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Supreme Court’s sales tax ruling makes case for Md. drug-price controls, Frosh says

Generic-drug industry calls justices' ruling irrelevant to Maryland law

Attorney General Brian E. Frosh. (File)

Attorney General Brian E. Frosh. (File)

The U.S. Supreme Court’s decision last week permitting states to impose sales taxes on online purchases should save a legally embattled Maryland law aimed at preventing excessive price increases by the generic-drug industry, according to the state attorney general’s office.

But a lawyer for the industry countered Monday the high court’s tax ruling in South Dakota v. Wayfair Inc. does not affect the constitutional prohibition on states regulating out-of-state transactions.

The dueling messages were sent to the full 4th U.S. Circuit Court of Appeals as it considers whether to review a three-judge panel’s 2-1 ruling in April that the 2017 Maryland law directly regulates the price of generic-drug transactions that occur outside the state in violation of the Constitution’s Commerce Clause, which leaves such external state regulation to Congress.

The justices held in Wayfair that a state can constitutionally impose a tax on online sales even when the business lacks a “physical presence” in the state.

Maryland, likewise, has the constitutional authority to regulate the price of drug transactions occurring outside the state – or “extraterritorially” – but which affect prices within the state, Assistant Maryland Attorney General Joshua N. Auerbach wrote in a letter Friday to the 4th Circuit.

Wayfair’s abandonment of the ‘physical presence’ rule undermines the extraterritoriality theory adopted by the panel in this case,” Auerbach added. “In holding that Maryland may not protect its consumers from unconscionable increases in the price of essential medicines if those increases are imposed in wholesale transactions occurring geographically out of state, the majority erroneously circumscribed state regulatory authority based on the physical location of those upstream transactions.”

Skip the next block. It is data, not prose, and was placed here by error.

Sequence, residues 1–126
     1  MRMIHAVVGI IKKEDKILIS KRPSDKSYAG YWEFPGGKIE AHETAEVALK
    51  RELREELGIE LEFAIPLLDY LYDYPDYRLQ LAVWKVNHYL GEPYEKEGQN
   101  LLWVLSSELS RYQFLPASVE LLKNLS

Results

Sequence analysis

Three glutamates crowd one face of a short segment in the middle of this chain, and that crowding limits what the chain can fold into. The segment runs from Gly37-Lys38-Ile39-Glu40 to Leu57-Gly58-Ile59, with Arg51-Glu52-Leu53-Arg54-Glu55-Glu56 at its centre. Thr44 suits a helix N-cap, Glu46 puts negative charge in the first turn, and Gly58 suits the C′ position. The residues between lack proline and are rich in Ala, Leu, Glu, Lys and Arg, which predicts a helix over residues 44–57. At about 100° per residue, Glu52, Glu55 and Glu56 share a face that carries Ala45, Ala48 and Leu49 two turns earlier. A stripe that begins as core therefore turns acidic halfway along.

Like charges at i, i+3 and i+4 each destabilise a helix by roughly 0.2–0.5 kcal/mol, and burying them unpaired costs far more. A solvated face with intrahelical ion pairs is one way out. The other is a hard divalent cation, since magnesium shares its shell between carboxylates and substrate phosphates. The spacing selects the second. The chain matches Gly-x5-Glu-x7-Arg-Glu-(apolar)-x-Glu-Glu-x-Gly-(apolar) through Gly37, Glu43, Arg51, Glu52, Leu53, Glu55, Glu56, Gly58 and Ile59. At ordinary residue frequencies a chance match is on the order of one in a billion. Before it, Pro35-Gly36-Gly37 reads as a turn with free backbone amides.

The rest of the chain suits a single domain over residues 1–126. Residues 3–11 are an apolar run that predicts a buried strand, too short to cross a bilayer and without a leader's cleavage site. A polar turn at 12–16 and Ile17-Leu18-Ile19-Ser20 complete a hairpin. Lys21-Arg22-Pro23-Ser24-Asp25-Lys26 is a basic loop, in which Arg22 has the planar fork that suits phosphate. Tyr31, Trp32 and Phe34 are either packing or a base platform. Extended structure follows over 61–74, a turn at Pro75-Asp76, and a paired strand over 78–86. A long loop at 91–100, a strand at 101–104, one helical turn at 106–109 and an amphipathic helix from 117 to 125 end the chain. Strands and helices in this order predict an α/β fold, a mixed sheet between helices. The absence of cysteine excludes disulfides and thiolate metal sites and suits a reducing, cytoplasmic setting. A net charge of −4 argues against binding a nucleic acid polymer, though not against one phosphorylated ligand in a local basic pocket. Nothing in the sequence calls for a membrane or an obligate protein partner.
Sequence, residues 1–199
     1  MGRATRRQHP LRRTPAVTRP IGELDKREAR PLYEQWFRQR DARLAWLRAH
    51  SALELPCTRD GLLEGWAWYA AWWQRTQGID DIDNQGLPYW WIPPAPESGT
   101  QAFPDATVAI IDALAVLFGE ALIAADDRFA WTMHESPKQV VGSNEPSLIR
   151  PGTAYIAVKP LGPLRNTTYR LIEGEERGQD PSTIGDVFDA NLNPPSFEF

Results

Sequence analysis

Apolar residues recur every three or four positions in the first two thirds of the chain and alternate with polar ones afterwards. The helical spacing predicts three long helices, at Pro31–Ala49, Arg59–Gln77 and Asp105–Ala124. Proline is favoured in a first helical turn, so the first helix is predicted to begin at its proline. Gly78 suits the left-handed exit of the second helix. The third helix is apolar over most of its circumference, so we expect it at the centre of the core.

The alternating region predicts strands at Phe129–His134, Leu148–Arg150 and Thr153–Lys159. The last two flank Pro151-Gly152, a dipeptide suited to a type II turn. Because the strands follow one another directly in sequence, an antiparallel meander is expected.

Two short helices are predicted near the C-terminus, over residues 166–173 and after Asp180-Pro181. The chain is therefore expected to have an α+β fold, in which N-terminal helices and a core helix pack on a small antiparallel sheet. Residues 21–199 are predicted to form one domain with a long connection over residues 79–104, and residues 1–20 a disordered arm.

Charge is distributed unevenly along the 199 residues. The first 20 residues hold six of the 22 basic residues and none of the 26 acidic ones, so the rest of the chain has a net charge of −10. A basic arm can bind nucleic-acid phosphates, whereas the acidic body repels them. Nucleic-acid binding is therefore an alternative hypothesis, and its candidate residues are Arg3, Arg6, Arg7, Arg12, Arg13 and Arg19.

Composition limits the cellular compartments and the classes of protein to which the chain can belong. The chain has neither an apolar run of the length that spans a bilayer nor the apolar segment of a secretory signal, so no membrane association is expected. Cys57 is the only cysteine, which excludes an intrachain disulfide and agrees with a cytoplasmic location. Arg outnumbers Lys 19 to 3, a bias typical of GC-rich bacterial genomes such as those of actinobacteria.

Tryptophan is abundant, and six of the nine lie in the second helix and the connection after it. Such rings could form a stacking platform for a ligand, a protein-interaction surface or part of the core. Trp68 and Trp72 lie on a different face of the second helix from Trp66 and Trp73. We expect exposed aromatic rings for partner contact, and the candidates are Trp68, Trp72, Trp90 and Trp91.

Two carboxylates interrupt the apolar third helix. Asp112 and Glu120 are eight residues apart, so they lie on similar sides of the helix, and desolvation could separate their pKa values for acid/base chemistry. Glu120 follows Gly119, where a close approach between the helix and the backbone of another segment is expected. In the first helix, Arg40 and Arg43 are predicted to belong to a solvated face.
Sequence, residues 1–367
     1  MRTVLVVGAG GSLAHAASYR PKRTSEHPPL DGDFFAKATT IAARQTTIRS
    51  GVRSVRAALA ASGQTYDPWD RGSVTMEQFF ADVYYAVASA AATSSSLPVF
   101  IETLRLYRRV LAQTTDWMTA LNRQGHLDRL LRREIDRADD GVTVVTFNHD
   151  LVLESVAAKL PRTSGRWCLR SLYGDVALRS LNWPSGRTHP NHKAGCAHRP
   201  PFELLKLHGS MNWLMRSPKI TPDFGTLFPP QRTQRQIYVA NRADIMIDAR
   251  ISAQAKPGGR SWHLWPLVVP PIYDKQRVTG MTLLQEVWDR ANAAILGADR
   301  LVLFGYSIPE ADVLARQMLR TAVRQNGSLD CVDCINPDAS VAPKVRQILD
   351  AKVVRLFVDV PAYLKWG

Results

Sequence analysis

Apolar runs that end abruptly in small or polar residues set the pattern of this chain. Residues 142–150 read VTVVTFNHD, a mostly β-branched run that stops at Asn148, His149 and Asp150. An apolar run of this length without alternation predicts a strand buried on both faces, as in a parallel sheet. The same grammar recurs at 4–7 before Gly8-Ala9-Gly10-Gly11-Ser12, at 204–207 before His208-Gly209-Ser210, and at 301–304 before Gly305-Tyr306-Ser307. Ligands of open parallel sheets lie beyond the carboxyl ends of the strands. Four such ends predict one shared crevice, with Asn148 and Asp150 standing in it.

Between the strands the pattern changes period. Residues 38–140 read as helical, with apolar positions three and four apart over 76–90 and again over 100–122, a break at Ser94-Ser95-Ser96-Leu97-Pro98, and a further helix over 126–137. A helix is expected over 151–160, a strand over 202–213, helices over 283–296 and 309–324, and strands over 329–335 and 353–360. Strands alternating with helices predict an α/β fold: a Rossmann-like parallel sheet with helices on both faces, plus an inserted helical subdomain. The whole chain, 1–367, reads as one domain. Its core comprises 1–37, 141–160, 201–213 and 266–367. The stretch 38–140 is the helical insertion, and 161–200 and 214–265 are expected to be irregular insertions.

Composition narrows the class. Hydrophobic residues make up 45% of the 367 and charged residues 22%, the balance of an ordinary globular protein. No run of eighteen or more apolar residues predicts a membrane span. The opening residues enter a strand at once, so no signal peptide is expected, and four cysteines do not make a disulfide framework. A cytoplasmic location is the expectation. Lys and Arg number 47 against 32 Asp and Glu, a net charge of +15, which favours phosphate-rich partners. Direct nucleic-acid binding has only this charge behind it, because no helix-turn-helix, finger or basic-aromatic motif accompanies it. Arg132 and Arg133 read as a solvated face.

But industry lawyer Jay P. Lefkowitz stated in his response letter that “the attorney general must have read Wayfair too hastily,” as the sales-tax ruling is unrelated to Maryland’s law regulating generic drug prices.

Wayfair pertained to direct sales between a business and a state resident, albeit online, whereas the Maryland law regulates wholesale prices set outside the state and which only indirectly affect in-state prices, added Lefkowitz, of Kirkland & Ellis LLP in New York.

“The question (in Wayfair) was whether states may require a retailer with no ‘physical presence” in the state to collect and remit state sales taxes when the retailer sells goods directly to consumers in the state,” Lefkowitz wrote. “That a state may require retailers to collect and remit taxes when a retailer sells directly to in-state buyers – i.e., when a transaction does take place in the state – obviously does not mean that a state may require manufacturers to charge certain prices in their transactions that do not take place in the state.”

The 4th Circuit has not said when it will respond to Maryland Attorney General Brian E. Frosh’s request for full-court consideration of the case, Association for Accessible Medicines v. Brian E. Frosh et al., No. 17-2166. The losing party in the 4th Circuit will likely seek review by the Supreme Court.

The law, which went into effect Oct. 1, prohibits a significant price increase of an essential off-patent or generic drug and gives the Maryland attorney general the power to order the manufacturer to explain the reasons behind a significant price boost as well as request a court order restraining or enjoining a violation.

Gov. Larry Hogan last June allowed the law to go into effect without his signature, citing his concerns about its constitutionality.

The association filed suit in July, challenging the law as unconstitutional. U.S. District Judge Marvin J. Garbis, who sits in Baltimore, dismissed the Commerce Clause challenge, prompting AAM to appeal.

The divided 4th Circuit panel found three factors pointing to the law’s violation of the Constitution’s clause.

“First, the act is not triggered by any conduct that takes place within Maryland,” Judge Stephanie D. Thacker wrote for the majority. “Second, even if it were, the act controls the prices of transactions that occur outside the state. Finally, the act, if similarly enacted by other states, would impose a significant burden on interstate commerce involving prescription drugs.”

For example, “if multiple states enacted this type of legislation, then a manufacturer may consummate a transaction in a state where the transaction is fully permissible, yet still be subject to an enforcement action in another state (such as Maryland) wholly unrelated to the transaction,” added Thacker, who was joined by Judge G. Steven Agee in the published decision.

Dissenting Judge James A. Wynn Jr. said the Maryland statute falls within the state’s “general police powers to regulate matters of legitimate local concern” without violating the Commerce Clause.

“Here, Maryland legitimately targeted generic drug pricing practices specifically designed to prey on the special vulnerabilities of a defenseless group of Maryland citizens,” Wynn wrote. “Simply put the Maryland statute – which applies equally to in-state and out-of-state manufacturers and distributors – does not implicate the concerns that lie at the heart of the Supreme Court’s dormant (state-law generated) Commerce Clause jurisprudence: economic protectionism, discrimination against interstate commerce, and state regulation of streams of transactions that never cross through the state’s borders.”

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